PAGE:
>>> is that typically, a URI identifies
>>> pretty much a file... the kind whose contents change over time, not the
>>> contents of the file at any one time. So to say '<xyz.html> identifies
>>> an HTML file' is not to say that it identifies a bag/sequence of bits,
>>> but rather that it identifies a resource whose representations have mime
>>> type text/html .
>>> But as I say, I'm sympathetic to the position that (outside of the
>>> Semantic Web) this
>>> abstraction just makes talking about all this stuff more complicated.
>>>
>>> Meanwhile, Ian also says:
>>>
>>> This is actually intended to refer to "bag of bits". It identifies a
>>> bag of bits in the same way that a telephone number identifies a
>>> person. Sure, if you call a number at different times you might end up
>>> with different people, but you're still using a phone number to
>>> identify a person, you just don't know which one until you try to use
>>> the phone.
>>
>> Well, that's true in some cases (where you use the phone number to
>> "identify" several people living there), but in many cases, it's
>> actually not true. There's definitely the very frequent case that you
>> have a phone number identifying (for yourself) a single person, but
>> where you're not sure you'll get him/her, or somebody else from the
>> family (who exactly you don't really care). There's also the case that
>> the phone gets answered by a (to you) complete stranger or somebody
>> you wouldn't expect (and therefore wouldn't identify by that phone
>> number) because that (to you) complete stranger happened to visit and
>> e.g. was asked to pick up the phone and tell you that the phone's
>> owner is just washing the dishes or whatever, and will call back soon.
>>
>>> I find that usage of "identify" very unappealing. I think normal usage
>>> of "identify"
>>> is unambiguous. If I say "In this game, teams are identified by
>>> color" and
>>> then told you that blue identifies team X and a different team Y, you'd
>>> consider that nonsense.
>>
>> Yes indeed.
>>
>> Regards, Martin.
>>
>>> I wonder about some terminology that just relates URIs with byte
>>> sequences,
>>> without going thru the intermediate concept of resources, and yet
>>> doesn't
>>> use "identify" in this confusing sense.
>>>
>>> Something like:
>>>
>>> A URL is a key typically used to retrieve a page from the Web; more
>>> generally,
>>> it is used as an address in the Web, whether to find documents,
>>> mailboxes,
>>> services, applications, etc.
>>>
>>> "navigation marker" also appeals to me, though I'm not sure there's any
>>> specific place
>>> in the HTML 5 spec to talk about it that way.
>>>
>>> So "find" in place of "identifiy". Somewhat ironic... "find" is a
>>> synonym for "locate"...
>>> so maybe...
>>>
>>> A URL is a key, typically used to locate a Web page; more generally,
>>> it is
>>> used to locate mailboxes, services, applications, etc.
>>>
>>> (footnote: I try to tow the party line where the standard term is 'URI'
>>> rather than 'URL',
>>> but only out of duty/burden/obligation; somewhere between RFC2396 in '98
>>> and 3986 in '05, I tried to convince TimBL and the TAG that it's pushing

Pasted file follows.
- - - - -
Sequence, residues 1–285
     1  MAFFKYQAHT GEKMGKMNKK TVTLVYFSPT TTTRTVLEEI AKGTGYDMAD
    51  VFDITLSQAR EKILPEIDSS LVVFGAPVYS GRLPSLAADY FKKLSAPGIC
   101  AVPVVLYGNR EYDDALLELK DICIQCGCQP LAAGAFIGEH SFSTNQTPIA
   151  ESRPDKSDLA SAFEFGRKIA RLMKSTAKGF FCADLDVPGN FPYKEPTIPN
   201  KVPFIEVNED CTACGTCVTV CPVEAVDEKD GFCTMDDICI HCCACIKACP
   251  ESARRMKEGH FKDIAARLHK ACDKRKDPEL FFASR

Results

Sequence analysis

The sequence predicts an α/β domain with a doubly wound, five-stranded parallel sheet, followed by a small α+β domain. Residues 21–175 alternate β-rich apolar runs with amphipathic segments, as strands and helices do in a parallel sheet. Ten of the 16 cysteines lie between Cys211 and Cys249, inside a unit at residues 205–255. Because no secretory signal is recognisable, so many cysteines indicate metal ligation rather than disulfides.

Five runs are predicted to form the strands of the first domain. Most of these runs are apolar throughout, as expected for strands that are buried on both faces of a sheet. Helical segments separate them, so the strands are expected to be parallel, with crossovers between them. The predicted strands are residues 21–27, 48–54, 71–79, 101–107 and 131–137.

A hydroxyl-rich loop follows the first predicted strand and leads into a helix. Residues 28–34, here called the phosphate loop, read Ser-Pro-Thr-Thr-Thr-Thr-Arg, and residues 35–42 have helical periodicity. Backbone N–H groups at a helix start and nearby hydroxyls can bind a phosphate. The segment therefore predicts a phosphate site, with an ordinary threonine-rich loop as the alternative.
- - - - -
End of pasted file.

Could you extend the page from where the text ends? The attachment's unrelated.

>>> water uphill to try
>>> to get the community to learn 'URI' rather than just going with the flow
>>> and using 'URL',
>>> but I couldn't make the sale. I'm reasonably happy to see arguments on
>>> both sides examined
>>> in some detail in the context of working out IRI interop stuff.)
>>>
>>> But maybe not... I think the analogy with files suggests that 'locate'
>>> raises
>>> the same issues as 'identify'; that is: filenames name files... or
>>> identify files... or
>>> locate files; in any case, when you open a file, edit it, and save it
>>> back, it's
>>> still the same file, and the filename identifies/names/locates/refers to
>>> the file,
>>> not its contents at a given time. This analogy works with variables in a
>>> program, too:
>>>
>>> x = 1
>>> y = 2
>>> x = y + 2
>>>
>>> There's just one variable called/named x; the name 'x' doesn't refer to
>>> 1 nor to 3, but rather to
>>> the place in memory that holds 1 at first and then 3.
>>>
>>> I guess it's only in very informal glosses that you can skip from the
>>> URL to the sequence-of-bytes
>>> without referring to the notion in between... though 'retrieve' does
>>> seem to get around it.
>>> Filenames can be used to retrieve sequences of bytes... variable names
>>> can be used
>>> to retrieve values. 'retrieve' doesn't generalize to mailto: and POST so
>>> well, but as Ian
>>> pointed out somewhere in the thread, the HTML 5 spec doesn't need that
>>> generalization.
>>>
>>> One specific case that the terminology showed up in the HTML 5 spec was
>>> around
>>> caches, I think; in that case, it's clear to me that the simplest way to
>>> talk about
>>> it is to talk about caching responses... or the content of response
>>> messages.
>>> Something like that.
>>>
>>> I hope to look at a few specific cases of HTML 5 spec text, but it's
>>> late here and
>>> I already spent a lot more time on this message than I intended to...
>>>
>>
>> --
>> #-# Martin J. Dürst, Professor, Aoyama Gakuin University
>> #-# http://www.sw.it.aoyama.ac.jp mailto:duerst@it.aoyama.ac.jp
>>
>>
>
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-- 
#-# Martin J. Dürst, Professor, Aoyama Gakuin University
#-# http://www.sw.it.aoyama.ac.jp   mailto:duerst@it.aoyama.ac.jp
Received on Tuesday, 12 January 2010 01:35:34 UTC